The plaintiffs are recipients of unemployment compensation benefits who allege in a putative class action that the defendant unlawfully seized their property without providing due process. The plaintiffs attribute this deprivation of due process to the defendant’s use of the Michigan Integrated Data Automated System (MiDAS) to detect and adjudicate suspected instances of fraud. The defendant filed a motion for summary disposition on multiple grounds, but the Court of Claims denied the motion. The Court of Appeals reversed, holding that the plaintiffs failed to comply with the notice provision of MCL 600.6431(3). The Supreme Court held that two of the three plaintiffs complied with the notice requirements and remanded the case to the Court of Appeals to consider the defendant’s argument that the plaintiffs failed to raise cognizable constitutional tort claims. The Court of Appeals, in a published opinion, affirmed the Court of Claims’ denial of the defendant’s motion for summary disposition, holding that the plaintiffs’ allegations, if proven to be true, demonstrate that their constitutional rights were violated as a result of the defendant’s use of a policy or custom in administering the unemployment benefit system and that a judicially inferred damages remedy is appropriate for the due process deprivations alleged by the plaintiffs. The Supreme Court has ordered oral argument on the application to address whether the plaintiffs have alleged cognizable constitutional tort claims allowing them to recover a judicially inferred damages remedy. See Smith v Dep’t of Public Health, 428 Mich 540, 648-652 (1987), aff’d sub nom Will v Mich Dep’t of State Police, 491 US 58 (1989) (Boyle, J., concurring in part and dissenting in part).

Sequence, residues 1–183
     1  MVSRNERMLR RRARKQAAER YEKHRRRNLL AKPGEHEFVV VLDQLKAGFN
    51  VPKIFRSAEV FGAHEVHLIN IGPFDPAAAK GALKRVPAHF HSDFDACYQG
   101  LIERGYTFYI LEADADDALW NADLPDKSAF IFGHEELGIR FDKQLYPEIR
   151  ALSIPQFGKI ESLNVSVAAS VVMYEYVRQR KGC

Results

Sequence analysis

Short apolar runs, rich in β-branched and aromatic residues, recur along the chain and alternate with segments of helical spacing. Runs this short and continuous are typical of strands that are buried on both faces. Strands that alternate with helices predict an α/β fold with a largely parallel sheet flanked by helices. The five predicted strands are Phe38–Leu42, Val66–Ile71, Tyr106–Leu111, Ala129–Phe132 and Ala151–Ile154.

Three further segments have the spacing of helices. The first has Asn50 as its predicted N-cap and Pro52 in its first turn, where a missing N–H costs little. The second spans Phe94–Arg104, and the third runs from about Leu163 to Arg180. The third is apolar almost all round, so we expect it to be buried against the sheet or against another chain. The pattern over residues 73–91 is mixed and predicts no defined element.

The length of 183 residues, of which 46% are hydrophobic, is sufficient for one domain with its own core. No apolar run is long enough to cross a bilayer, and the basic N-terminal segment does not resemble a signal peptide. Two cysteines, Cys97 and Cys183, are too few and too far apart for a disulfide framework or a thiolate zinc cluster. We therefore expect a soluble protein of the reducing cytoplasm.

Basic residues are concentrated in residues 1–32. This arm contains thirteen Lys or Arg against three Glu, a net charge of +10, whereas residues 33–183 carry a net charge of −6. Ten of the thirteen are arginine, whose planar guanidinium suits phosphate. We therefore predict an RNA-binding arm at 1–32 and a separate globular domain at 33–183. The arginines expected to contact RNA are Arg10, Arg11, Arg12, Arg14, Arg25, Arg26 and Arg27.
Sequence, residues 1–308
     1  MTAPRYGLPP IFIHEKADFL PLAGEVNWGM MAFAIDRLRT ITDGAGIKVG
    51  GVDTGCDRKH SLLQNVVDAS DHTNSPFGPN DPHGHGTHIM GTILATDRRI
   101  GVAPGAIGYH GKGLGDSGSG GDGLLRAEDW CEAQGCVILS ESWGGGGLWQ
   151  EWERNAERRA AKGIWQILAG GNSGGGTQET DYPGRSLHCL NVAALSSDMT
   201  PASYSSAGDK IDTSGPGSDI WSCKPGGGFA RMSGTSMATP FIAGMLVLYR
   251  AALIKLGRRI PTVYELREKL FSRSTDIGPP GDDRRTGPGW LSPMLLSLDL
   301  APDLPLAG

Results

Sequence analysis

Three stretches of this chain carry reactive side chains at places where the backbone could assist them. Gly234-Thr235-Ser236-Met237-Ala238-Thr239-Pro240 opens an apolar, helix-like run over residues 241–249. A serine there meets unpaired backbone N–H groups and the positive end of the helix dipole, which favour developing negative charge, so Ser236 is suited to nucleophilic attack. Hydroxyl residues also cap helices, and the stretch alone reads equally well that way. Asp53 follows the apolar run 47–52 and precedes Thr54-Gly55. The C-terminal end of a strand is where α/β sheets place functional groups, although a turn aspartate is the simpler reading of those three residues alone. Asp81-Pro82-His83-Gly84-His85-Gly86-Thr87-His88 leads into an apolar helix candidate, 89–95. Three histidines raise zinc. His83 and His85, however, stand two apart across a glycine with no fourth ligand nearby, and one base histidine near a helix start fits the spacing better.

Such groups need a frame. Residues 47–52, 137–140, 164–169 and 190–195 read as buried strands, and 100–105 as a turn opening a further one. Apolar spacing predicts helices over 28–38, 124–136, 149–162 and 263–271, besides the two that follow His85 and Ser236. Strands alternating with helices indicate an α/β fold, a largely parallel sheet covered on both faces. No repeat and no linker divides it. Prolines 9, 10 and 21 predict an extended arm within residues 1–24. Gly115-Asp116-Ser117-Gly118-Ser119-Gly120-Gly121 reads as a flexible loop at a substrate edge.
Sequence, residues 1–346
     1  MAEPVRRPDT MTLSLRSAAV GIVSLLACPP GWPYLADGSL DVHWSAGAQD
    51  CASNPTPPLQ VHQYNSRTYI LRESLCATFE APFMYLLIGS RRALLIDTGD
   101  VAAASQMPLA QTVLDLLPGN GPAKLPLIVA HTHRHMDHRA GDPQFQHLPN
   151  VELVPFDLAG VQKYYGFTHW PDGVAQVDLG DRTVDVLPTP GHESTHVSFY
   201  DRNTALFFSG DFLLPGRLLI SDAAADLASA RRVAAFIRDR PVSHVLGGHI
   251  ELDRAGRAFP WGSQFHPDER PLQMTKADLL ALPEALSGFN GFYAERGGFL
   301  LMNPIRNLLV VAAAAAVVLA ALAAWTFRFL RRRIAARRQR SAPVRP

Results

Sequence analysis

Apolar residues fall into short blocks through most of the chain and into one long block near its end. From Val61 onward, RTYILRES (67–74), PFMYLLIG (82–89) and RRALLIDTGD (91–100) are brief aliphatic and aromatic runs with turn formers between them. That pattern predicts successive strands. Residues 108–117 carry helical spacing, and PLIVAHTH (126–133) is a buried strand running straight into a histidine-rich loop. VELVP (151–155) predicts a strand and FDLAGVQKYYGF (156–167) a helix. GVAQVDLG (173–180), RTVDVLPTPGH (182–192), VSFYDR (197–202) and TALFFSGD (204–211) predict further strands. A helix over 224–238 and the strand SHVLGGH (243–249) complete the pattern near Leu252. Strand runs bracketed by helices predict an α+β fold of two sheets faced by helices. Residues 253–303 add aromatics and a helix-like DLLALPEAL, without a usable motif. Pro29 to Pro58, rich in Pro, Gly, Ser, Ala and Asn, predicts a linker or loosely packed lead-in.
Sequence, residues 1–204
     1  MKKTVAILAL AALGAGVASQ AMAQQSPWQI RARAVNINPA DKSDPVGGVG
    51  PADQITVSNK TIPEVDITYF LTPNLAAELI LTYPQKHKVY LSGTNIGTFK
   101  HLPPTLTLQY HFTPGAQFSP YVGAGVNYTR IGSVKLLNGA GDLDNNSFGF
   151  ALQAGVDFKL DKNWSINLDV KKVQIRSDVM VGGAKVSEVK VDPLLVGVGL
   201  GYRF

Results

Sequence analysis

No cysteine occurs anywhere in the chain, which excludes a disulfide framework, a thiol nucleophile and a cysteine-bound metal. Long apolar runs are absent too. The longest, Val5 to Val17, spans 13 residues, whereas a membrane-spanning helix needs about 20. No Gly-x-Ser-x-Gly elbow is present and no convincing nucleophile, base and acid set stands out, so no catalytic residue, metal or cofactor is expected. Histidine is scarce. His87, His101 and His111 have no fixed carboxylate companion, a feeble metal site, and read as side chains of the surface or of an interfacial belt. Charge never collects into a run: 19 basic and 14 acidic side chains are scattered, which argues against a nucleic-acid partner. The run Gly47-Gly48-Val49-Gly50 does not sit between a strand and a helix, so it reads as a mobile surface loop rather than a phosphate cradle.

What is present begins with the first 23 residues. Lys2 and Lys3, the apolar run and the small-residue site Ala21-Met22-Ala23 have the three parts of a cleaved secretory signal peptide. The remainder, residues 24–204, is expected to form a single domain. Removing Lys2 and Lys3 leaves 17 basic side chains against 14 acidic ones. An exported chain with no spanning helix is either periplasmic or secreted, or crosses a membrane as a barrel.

160991
Township of Fraser, Plaintiff-Appellant; Mark Brissette, Attorney
v
(Appeal from Ct of Appeals)
(Bay – Gill, H.)
Harvey Haney and Ruth Ann Haney, Defendants-Appellees; Phillip Ellison, Attorney

The plaintiff township sued the defendants to enjoin them from raising hogs on their commercially zoned property. The defendants’ property is not zoned for agricultural uses. The defendants filed a motion for summary disposition arguing that the plaintiff’s lawsuit was barred by MCL 600.5813, a six-year statute of limitations, because the defendants had been raising hogs on the property for longer than six years. The circuit court denied the defendants’ motion, holding that MCL 600.5813 did not apply to the township’s lawsuit. The Court of Appeals, in a published opinion, held that MCL 600.5813 applied and barred the plaintiff’s lawsuit. The Supreme Court has granted leave to appeal to address whether MCL 600.5813 applies to municipalities seeking to enjoin zoning ordinance violations.

161092
The People of the State of Michigan, Plaintiff-Appellee; Joseph Shopp, Attorney
v
(Appeal from Ct of Appeals)
(Wayne – Evans, V.)
Deandre Terrel Austin, Defendant-Appellant; Timothy Doman, Attorney